Goodfellow takes active role against dangerous alcohol consumption

GOODFELLOW AIR FORCE BASE, Texas -- April is alcohol awareness month and Goodfellow is taking the lead on helping Team Goodfellow stay safe. 

According to the Center of Disease Control and Prevention, or CDC, alcohol awareness month is a nationwide campaign intended to raise awareness of the health and social problems that excessive alcohol consumption can cause for individuals, their families and their communities.

In 2012, the CDC documented more than 38 million cases of binge drinking, which it defines as consuming 4 or more drinks per occasion for women and five or more for men. This averages about four times a month with the largest number of drinks averaging eight per binge.

The CDC reports that binge drinking is responsible for 80,000 deaths in the U.S. each year, and cost the economy $223.5 billion in 2006.

In order to help prevent Team Goodfellow members from becoming a statistic, the 17th Training Wing Safety Office produces squadron briefing materials on how alcohol impairs judgment and stresses the need to plan before going out for the night and consuming alcoholic beverages. The office also reports mishap statistics and how alcohol plays a role.

Another resource available to Team Goodfellow is the Alcohol Drug Abuse and Prevention Treatment or ADAPT. This program helps those who are struggling with an alcohol or drug problem and also provides briefing materials to enhance prevention. Military members who need this help can go the mental health clinic and self-admit. Commanders can also direct their service members to get help from ADAPT and the medical clinic can make referrals.

"The key points with ADAPT is solid communication with commands and outreach," said Airman 1st Class Charles Metts, mental health ADAPT technician. "If the commanders on base know how ADAPT works and how to go about referring their subordinates or students then it will ensure that anyone who may need help or counseling will get it. Our communication with commanders and first sergeants is very good."

During the month of April, ADAPT technicians will be setting up alcohol awareness tables outside the Base Exchange on Tuesdays and Thursdays during lunch and plan to set up booths at the sexual assault response coordinator sponsored boys and girls night out.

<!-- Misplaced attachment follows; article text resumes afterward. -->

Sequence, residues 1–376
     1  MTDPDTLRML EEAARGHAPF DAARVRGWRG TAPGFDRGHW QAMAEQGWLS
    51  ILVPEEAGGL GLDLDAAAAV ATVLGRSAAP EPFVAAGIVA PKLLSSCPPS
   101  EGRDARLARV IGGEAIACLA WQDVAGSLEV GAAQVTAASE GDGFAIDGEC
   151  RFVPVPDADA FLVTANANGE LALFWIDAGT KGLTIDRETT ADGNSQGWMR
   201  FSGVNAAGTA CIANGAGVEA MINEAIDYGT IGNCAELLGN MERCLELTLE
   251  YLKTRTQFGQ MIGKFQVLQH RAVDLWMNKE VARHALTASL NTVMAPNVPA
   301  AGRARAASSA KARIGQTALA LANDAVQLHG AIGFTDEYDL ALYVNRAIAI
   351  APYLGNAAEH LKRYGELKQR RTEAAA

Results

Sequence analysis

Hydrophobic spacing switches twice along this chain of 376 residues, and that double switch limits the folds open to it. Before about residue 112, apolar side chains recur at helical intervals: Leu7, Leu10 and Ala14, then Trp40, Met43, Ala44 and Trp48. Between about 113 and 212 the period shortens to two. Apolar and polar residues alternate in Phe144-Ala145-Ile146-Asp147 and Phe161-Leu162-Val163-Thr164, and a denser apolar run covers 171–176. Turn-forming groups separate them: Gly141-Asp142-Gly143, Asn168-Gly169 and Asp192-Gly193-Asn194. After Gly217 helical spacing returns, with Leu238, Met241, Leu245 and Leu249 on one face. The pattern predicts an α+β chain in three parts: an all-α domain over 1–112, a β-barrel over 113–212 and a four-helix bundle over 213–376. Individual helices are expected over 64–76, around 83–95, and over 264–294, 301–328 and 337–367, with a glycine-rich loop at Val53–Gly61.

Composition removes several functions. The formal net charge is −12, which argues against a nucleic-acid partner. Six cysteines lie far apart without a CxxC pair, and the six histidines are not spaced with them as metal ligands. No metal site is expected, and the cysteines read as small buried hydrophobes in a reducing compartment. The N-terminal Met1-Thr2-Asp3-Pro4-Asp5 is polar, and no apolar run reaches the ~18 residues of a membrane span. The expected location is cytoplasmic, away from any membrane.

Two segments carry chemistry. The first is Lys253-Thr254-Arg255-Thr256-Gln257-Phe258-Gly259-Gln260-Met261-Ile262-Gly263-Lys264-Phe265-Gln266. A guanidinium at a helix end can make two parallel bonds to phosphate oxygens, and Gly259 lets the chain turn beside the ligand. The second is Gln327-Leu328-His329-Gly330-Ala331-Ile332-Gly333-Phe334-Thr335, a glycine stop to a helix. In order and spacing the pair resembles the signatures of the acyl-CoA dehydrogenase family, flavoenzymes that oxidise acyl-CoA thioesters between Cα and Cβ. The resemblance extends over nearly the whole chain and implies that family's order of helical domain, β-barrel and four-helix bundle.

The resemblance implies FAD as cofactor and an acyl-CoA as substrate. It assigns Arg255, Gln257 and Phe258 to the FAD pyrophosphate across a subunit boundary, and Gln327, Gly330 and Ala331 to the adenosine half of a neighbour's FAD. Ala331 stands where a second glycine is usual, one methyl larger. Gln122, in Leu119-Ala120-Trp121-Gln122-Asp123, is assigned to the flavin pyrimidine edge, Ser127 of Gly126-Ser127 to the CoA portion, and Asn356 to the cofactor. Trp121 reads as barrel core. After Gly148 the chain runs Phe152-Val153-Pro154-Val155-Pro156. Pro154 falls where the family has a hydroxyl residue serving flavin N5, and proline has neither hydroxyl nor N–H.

Another resource helping service members and their families stay safe is Airmen Against Drunk Driving. Every Friday and Saturday night and on extended weekends, volunteers take calls and give rides to individuals who have chosen to drink, transporting them safely home.

"I think AADD is an excellent program," said Airman 1st Class Charles Herron, AADD vice president. "It's something that can really benefit the people on this base. It's a program that everyone should know about so they have a chance to use it in case they find themselves in a situation where they are unable to drive."

Herron said AADD is a great volunteer opportunity for people who are looking for ways to get involved.

"I wanted to get involved with AADD because when I was in college I saw a lot of people I knew taking unnecessary risk by driving after they had been drinking," he said. "Some of those people were caught and got into some serious trouble. I figured if I can help make a difference by giving people the option of being picked up and brought home if it's needed."

For more information on ADAPT call the mental health clinic at 654-3122. For more information on AADD call 654-4353.